• How to swim.
  • How to crochet, and sew.
  • How to play backgammon.
  • How to bake potatoes (properly).
  • How to roast parsnips (properly).

And perhaps most importantly…

How to decorate a Christmas tree…properly.

So I guess that I dedicate this little guide to Christmas appreciation to my Mum. My childhood wasn’t easy, I’m mostly a big fat humbug, I don’t eat turkey, but I’ll always rejoice in the warm, wonderful happiness of Christmas my way. This festive season, please take care of yourself and only say ‘yes’ to that which makes you happy. Here are a few ideas for a cosy, crafty, vegan Christmas.

Baking & making

Once upon a time I ran a little from-home vegan bakery. I would regularly work full time in my day job and then arrive home to bake 72 cupcakes in the evening. Those days are definitely behind me, but the urge to bake is un-quellable once December rolls around. I’ve rounded up some of my favourite festive vegan recipes here.

A couple of my own recipes:

The easy/cheating option

Every Christmas for the past few years I’ve rolled out Jenny’s Mini Mince Pie Croissants, an incredibly simple creation that will impress your festive guests no end. Simply take one tube of Jus Rol croissant dough, cut each triangle in half, place a little marzipan and one teaspoon of mince pie filling into each, roll up and bake.


As above-mentioned, each year I host a little festive crafternoon for my friends. We gather for one Sunday in December, ensure that lots of tea/coffee and snacks are in stock, and we try our hand at various DIY activities. We’ve made (non-wool) felt tree decorations, mini cross-stitch hoops, sugar scrubs and moisturisers, and more I can’t remember. (Search Google for ‘acrylic felt’ if shopping online!) I love getting crafty around this time of year, and it’s lovely to give home-made presents if you’re so inclined. Here are some of my favourite festive how-tos and freebies:

The almost unbelievably cute option

Paw Print Salt Dough Ornaments. Vulpe once came home from doggy daycare with one of these a few years back and it was so adorable I nearly died.

Time off

If there’s one thing I struggle to fit into my schedule, it’s enforced downtime. As I work full time, study part time, half-arsedly run a blog, cope with a chronic illness that means I have about 40% energy around 70% of the time, AND try to maintain a life outside of all that stuff, there is pretty much always something I feel like I should be doing.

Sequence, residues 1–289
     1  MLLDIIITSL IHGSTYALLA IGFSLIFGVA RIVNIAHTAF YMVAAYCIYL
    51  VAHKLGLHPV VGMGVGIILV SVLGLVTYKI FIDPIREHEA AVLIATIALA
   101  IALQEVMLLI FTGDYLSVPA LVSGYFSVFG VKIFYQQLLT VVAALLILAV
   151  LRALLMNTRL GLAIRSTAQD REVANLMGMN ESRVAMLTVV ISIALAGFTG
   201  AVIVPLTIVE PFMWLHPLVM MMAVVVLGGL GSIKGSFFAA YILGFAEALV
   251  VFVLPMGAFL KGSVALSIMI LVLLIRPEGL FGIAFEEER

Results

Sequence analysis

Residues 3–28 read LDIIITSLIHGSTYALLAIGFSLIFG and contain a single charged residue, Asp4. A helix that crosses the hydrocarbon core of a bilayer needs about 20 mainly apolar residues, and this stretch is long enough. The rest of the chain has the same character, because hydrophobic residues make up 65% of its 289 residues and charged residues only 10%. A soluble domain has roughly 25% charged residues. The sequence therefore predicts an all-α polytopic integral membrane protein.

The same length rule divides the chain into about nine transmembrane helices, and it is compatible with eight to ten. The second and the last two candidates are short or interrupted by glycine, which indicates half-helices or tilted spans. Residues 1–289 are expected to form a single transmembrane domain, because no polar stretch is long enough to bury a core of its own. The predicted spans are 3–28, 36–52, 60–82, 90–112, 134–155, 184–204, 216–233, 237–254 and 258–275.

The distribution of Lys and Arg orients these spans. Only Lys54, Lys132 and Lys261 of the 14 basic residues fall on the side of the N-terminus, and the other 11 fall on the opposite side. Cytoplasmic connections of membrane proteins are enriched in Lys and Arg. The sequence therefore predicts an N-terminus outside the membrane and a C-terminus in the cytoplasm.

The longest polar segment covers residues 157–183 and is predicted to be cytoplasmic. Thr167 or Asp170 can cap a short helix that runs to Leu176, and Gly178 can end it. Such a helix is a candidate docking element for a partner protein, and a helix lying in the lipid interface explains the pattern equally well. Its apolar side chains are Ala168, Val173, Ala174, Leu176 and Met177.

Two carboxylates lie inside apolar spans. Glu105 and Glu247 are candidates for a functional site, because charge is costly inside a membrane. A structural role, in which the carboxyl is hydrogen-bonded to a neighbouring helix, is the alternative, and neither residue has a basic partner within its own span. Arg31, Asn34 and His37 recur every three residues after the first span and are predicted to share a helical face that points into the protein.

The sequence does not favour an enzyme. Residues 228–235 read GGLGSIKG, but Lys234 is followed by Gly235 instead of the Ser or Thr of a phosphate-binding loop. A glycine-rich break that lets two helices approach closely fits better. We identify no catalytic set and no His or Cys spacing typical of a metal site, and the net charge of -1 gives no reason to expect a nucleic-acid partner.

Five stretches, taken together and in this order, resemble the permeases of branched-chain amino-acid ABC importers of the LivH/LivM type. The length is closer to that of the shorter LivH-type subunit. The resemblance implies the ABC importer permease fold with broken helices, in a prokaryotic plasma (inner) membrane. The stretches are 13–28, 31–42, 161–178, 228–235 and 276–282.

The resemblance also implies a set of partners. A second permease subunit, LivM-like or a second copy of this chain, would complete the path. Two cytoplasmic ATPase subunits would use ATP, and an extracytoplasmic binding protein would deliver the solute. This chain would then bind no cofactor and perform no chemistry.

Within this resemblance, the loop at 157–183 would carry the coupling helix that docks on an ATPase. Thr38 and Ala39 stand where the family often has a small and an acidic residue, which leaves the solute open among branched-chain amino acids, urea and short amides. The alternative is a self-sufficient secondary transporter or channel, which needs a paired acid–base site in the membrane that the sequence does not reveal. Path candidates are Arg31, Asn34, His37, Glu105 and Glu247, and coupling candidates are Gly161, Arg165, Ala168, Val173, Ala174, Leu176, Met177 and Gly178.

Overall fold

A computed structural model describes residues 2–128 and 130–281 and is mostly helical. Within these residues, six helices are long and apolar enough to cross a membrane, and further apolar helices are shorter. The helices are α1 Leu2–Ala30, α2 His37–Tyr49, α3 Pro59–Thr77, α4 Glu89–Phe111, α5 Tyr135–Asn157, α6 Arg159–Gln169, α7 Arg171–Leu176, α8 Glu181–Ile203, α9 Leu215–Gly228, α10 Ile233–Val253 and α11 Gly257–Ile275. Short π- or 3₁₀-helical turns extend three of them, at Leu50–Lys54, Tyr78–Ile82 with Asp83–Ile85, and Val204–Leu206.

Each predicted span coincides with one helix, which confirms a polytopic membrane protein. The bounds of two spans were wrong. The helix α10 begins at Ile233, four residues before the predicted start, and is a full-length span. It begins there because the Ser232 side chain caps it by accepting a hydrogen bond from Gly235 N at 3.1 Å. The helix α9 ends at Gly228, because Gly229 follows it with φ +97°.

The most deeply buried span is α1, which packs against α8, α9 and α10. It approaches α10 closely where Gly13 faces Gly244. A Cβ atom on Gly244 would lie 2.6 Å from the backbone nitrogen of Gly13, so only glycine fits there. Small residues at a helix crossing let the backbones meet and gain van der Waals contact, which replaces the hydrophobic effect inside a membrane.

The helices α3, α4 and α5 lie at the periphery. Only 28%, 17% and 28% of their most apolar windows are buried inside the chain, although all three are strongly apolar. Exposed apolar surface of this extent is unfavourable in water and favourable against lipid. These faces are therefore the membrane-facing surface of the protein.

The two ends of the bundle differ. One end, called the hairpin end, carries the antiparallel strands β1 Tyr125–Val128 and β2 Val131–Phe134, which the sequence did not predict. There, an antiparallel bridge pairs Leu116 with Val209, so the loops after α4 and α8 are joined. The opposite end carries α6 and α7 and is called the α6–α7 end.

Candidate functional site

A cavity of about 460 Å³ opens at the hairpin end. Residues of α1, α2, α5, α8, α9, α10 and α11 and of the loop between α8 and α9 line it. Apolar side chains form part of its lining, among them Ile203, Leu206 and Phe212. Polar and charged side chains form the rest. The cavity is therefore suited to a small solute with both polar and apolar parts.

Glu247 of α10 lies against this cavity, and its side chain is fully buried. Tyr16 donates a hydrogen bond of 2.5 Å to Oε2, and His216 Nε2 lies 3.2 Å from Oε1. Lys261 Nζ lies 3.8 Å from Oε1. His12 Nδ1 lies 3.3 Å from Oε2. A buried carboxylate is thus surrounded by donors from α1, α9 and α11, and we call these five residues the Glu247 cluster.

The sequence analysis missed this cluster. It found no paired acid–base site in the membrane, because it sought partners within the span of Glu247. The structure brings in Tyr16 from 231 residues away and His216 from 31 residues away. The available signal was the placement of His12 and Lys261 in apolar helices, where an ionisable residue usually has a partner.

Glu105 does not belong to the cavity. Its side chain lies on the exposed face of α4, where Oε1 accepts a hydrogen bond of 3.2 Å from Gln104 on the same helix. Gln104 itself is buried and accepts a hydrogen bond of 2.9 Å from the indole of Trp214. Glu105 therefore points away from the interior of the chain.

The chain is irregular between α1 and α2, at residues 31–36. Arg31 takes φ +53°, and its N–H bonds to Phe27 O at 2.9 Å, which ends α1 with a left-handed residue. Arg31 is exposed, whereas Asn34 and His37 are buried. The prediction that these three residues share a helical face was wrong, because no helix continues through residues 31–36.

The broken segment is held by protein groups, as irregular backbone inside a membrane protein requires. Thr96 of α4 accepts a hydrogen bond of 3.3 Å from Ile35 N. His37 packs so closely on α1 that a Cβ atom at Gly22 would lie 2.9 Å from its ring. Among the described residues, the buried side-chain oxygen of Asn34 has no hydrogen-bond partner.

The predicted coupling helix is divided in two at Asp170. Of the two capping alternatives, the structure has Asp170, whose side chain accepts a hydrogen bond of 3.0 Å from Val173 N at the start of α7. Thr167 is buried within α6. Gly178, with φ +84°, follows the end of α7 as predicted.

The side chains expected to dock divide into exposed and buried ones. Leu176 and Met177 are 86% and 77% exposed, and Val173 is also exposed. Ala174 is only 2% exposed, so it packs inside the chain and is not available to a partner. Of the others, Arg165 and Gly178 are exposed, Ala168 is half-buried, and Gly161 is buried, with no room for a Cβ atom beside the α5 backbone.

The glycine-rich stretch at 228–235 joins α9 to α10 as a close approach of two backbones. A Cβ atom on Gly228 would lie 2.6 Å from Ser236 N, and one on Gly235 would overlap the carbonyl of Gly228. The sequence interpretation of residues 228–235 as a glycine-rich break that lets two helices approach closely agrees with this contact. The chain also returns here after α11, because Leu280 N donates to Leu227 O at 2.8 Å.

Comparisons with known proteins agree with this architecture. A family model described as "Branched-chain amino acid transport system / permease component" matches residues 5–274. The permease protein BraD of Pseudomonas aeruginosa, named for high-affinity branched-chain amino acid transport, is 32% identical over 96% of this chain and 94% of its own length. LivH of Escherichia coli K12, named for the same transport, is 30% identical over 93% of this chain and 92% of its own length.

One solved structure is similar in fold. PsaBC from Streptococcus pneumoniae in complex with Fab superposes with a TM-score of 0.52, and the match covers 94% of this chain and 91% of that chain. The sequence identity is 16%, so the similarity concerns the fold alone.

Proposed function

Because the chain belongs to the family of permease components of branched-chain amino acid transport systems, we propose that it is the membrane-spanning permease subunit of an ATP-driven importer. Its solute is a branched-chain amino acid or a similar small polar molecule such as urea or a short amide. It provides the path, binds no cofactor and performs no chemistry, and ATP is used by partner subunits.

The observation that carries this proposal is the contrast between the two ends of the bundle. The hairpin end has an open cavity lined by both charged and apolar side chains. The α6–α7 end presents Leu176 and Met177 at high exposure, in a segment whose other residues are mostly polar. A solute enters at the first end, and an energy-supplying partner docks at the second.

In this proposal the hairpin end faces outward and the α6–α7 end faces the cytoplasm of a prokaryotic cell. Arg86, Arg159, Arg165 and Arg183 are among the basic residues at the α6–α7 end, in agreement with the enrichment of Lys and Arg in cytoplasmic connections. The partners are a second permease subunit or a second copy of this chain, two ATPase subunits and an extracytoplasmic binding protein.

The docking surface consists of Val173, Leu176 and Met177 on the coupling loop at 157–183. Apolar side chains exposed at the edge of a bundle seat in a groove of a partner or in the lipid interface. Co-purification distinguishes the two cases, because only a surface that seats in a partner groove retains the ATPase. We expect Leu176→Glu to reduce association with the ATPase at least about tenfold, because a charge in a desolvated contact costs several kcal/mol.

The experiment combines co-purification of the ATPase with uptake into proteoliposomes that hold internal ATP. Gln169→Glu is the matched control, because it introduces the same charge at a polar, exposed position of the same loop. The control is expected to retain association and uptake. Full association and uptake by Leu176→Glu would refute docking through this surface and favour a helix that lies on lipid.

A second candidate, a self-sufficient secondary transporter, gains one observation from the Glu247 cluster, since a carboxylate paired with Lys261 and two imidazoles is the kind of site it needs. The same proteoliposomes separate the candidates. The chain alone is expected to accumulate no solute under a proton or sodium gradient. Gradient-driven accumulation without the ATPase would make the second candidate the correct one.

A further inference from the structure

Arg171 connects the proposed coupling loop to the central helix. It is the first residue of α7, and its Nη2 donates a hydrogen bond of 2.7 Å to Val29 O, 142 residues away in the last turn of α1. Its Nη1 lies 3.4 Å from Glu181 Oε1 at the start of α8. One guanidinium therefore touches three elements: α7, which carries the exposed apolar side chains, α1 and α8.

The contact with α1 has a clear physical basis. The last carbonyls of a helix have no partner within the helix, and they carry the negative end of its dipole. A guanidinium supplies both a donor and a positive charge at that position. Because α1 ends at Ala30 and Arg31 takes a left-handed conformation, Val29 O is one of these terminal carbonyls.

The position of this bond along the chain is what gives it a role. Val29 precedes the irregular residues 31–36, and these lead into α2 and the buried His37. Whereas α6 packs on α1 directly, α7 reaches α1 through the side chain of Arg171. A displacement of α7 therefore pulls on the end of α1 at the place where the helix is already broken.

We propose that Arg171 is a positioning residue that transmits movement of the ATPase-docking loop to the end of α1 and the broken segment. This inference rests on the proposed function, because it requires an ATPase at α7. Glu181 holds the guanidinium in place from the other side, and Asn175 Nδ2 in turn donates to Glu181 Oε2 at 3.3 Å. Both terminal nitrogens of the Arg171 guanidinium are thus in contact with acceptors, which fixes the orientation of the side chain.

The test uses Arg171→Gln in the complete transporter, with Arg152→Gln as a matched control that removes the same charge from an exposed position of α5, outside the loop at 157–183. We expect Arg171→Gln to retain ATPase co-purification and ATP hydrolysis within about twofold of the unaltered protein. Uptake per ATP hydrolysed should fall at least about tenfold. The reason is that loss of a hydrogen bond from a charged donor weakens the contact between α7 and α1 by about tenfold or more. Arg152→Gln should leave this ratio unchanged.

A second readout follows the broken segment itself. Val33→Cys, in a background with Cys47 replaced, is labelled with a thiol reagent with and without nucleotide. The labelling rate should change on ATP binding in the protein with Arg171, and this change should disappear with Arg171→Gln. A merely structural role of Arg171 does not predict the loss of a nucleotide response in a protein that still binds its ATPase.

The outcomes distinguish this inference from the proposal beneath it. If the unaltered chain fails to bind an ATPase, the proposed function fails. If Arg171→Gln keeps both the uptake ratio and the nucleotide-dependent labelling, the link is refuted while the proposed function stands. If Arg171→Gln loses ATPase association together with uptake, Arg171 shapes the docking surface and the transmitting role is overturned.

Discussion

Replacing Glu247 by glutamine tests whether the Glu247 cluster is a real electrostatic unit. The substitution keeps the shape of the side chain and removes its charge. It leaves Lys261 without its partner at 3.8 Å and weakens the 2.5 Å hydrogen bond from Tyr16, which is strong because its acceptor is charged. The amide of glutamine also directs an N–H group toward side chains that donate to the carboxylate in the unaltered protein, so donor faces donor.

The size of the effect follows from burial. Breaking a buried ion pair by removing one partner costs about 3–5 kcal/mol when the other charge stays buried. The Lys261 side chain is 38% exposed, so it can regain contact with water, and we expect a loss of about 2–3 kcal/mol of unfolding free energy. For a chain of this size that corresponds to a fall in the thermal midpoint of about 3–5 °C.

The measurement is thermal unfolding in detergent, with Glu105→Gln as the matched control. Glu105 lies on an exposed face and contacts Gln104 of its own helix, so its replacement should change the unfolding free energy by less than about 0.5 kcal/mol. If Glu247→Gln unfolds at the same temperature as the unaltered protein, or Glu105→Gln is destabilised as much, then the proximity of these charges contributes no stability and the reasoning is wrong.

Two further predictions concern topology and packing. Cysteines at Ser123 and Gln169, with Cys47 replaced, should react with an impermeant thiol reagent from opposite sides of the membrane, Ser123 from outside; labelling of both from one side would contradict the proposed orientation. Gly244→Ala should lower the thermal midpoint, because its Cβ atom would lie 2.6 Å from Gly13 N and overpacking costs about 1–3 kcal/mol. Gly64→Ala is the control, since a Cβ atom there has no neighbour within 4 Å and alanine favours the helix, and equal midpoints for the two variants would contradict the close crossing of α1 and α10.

I do feel for folks working in retail at this time of year; I got my first ‘proper’ job when I was 15 years old, and until I was around 26, I worked in one form of retail job or another. Cinemas, Clarks shoes, Music Zone (remember them?), a jewellery shop, a kids’ clothing retailer, a theatre box office, and plenty more. For the past 10 years or so I’ve worked in Higher Education, and with that comes the rapturous delight of CHRISTMAS CLOSURE. This means that my annual leave entitlement comes topped with the veritable cherry topper of all perks: all closure days and bank holidays as bonus. Although I don’t have children, and therefore no real ‘claim’ to the additional time off, these days I always book the week before Christmas off work well in advance. I usually end up with a minimum of two weeks away from my day job and boy do I make the most of it.

With the accumulation of 2017’s various difficult events, this year I’ve decided to go one further and book us into a remote Scottish cabin for the week before Christmas. It is in this hidden spot, sheltered by a forest and overlooking a peaceful frosty loch, that I plan to embrace the wonderful art of JOMO: the joy of missing out.